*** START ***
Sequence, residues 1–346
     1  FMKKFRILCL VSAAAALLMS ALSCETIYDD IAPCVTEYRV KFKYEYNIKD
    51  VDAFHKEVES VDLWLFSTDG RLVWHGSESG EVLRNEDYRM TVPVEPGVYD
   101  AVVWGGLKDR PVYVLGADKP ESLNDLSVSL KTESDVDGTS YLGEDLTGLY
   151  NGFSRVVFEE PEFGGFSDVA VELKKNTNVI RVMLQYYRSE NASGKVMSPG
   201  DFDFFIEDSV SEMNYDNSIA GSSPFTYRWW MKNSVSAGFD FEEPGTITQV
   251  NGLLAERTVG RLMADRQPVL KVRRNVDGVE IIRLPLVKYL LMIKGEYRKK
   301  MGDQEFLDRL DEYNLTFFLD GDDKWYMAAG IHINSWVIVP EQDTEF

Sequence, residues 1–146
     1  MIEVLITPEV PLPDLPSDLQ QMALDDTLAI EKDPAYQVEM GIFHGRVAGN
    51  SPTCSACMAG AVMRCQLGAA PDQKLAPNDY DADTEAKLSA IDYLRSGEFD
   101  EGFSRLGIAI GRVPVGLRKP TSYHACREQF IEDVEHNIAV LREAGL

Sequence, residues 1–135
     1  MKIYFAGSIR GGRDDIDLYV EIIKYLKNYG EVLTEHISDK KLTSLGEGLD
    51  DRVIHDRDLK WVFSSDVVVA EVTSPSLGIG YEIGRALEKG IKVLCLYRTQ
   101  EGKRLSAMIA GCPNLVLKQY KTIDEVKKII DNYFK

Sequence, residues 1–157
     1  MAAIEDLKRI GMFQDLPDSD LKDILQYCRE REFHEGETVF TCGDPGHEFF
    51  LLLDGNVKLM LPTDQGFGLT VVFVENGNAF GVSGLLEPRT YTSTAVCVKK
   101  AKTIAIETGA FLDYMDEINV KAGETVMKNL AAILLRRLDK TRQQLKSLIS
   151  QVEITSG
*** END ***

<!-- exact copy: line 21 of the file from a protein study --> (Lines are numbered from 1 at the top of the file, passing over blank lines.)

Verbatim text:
   151  QVEITSG